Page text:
• Wages
  • Employment quality (including job security; progression opportunities; predictability of hours)
  • Education and training
  • Working conditions
  • Work life balance
  • Consultative participation & collective representation

ekosgen’s recent workload supports this definition with job security and the predictability of hours highlighted as priorities for the generation of sustainable benefits through a number of our recent studies. However, our experience of working on a number of formative evaluations of large scale employability programmes has highlighted that programme performance targets tend to focus on quantity and not quality of jobs achieved.

What does the report recommend?

In response to the issues identified, the review identifies seven recommendations:

Good work for all: There is need for: a national strategy that addresses the issue of quality work; everyone to have a baseline of protection; progression at work; consistent taxation; improved rights and entitlement of self- employed people; use of technology for smarter regulation.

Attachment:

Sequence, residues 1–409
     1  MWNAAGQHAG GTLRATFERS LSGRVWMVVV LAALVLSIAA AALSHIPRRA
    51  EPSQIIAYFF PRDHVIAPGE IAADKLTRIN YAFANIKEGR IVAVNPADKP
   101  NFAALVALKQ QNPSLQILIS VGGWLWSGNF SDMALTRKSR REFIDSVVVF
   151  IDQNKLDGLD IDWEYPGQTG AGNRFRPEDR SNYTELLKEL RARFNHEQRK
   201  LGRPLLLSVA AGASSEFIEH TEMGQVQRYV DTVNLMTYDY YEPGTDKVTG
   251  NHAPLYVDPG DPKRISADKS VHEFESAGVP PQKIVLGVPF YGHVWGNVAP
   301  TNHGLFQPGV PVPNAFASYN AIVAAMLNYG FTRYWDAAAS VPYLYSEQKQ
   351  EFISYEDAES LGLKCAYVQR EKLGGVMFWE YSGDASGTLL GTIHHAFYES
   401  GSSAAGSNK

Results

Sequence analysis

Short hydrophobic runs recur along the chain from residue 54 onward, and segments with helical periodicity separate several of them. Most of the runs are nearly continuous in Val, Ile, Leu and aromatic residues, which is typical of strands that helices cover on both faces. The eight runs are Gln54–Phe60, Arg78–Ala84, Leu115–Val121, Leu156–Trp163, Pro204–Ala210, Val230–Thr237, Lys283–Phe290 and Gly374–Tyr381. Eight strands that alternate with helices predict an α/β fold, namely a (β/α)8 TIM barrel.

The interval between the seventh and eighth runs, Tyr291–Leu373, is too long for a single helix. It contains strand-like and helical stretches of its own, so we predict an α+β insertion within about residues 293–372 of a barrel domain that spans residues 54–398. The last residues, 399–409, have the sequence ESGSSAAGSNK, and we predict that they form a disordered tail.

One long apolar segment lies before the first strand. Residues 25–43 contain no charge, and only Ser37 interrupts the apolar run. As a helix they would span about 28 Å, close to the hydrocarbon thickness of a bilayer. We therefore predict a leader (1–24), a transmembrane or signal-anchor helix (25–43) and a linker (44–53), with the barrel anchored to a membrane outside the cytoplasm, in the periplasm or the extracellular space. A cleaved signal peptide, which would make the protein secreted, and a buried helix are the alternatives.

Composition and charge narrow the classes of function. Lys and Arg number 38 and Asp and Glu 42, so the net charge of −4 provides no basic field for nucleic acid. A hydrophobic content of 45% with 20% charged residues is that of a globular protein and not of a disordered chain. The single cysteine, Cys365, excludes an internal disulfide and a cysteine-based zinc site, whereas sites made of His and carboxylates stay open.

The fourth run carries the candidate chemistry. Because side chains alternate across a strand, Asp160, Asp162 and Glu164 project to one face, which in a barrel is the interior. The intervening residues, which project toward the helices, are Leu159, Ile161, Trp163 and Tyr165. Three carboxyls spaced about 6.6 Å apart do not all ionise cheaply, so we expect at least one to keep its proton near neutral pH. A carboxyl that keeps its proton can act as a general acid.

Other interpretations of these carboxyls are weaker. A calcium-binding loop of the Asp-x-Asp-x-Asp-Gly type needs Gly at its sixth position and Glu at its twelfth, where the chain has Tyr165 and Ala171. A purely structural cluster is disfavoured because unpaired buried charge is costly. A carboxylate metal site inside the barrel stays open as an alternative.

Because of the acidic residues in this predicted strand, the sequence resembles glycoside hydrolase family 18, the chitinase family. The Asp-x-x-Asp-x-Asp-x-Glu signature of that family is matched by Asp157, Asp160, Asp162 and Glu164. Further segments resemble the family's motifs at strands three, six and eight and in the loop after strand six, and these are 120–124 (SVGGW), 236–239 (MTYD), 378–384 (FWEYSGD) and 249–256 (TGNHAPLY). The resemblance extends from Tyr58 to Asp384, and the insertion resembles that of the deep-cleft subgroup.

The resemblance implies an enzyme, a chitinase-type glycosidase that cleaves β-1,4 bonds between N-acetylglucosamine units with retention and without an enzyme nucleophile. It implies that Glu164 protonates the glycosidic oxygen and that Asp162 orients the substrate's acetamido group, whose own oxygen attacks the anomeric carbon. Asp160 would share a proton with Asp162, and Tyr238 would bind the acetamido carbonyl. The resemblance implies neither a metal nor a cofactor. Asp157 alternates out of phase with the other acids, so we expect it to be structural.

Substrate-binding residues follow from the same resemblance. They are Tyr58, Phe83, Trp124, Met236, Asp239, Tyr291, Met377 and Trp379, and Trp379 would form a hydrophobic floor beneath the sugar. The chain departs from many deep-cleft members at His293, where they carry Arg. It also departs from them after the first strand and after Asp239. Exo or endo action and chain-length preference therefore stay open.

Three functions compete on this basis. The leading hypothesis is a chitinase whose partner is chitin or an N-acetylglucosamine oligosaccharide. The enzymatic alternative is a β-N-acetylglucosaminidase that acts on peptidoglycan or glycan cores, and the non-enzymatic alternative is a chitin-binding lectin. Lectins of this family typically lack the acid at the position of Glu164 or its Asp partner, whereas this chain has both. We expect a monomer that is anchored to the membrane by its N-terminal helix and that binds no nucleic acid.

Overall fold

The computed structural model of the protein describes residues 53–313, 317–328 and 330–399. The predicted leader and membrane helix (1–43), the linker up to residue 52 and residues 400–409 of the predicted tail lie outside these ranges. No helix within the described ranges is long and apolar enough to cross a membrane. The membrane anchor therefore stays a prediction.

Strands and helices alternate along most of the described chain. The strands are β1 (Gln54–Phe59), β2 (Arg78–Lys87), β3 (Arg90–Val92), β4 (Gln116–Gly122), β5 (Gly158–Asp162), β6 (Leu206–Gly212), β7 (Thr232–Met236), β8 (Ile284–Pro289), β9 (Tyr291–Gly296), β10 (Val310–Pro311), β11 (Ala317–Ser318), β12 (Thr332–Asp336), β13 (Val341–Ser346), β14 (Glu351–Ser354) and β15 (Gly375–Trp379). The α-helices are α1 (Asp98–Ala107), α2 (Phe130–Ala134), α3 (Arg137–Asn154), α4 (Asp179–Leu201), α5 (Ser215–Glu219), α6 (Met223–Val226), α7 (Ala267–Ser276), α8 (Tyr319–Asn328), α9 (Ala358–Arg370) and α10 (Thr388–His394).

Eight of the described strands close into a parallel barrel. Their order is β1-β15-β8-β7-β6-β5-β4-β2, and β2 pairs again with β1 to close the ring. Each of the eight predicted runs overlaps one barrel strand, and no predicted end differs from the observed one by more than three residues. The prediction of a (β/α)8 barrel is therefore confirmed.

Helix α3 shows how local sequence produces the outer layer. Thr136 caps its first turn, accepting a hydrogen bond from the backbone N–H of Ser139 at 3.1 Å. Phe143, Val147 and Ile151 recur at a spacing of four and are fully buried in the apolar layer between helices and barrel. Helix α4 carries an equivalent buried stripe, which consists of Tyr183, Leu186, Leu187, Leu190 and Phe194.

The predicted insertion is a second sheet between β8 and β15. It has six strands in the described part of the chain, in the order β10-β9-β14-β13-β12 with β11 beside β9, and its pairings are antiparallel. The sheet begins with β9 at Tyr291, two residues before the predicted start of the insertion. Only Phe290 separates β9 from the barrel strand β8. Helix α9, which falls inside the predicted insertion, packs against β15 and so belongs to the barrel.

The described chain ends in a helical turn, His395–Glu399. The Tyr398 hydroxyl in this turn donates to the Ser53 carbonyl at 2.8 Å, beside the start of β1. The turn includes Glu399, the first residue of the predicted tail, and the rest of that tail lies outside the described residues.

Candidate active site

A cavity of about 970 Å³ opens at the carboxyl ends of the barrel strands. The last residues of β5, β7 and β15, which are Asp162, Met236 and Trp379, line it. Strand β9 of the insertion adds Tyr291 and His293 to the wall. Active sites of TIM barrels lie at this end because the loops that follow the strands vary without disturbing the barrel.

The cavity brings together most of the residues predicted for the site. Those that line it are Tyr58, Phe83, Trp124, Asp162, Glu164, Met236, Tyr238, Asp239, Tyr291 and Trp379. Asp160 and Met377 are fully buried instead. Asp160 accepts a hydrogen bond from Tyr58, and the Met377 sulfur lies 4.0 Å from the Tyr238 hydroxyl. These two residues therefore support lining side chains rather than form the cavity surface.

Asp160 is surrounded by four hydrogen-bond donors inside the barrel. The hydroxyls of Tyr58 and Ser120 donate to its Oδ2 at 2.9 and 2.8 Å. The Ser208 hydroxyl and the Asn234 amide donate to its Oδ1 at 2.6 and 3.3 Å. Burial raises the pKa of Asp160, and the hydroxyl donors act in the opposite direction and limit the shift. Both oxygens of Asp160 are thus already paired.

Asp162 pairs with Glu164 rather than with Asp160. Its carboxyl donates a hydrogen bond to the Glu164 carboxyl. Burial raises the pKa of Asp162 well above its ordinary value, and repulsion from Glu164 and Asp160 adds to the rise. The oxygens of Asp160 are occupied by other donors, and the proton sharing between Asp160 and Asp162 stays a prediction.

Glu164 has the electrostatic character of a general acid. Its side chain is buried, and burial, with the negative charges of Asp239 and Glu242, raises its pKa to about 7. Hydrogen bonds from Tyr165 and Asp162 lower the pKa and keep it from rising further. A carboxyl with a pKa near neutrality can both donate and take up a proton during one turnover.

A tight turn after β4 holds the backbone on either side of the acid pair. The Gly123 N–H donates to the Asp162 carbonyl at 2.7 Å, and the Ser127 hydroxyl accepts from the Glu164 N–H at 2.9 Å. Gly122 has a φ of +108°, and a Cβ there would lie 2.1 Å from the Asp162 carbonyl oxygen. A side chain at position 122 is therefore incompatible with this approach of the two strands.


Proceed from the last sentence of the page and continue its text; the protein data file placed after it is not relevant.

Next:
Dependent contractors: People who work for platform-based companies (such as Deliveroo and Uber) should be classed as dependent contractors. Individuals who prefer flexible working should be allowed to continue but they should be granted fairness at work. There should be a clear distinction made between dependent contractors and those who are legitimately self-employed with additional protections to be introduced by government for the former.

Cost of employment: The government should avoid further increasing the "employment wedge", which is the non-wage cost of employing a person. The review highlights the apprenticeship levy as an expense companies have raised as an issue.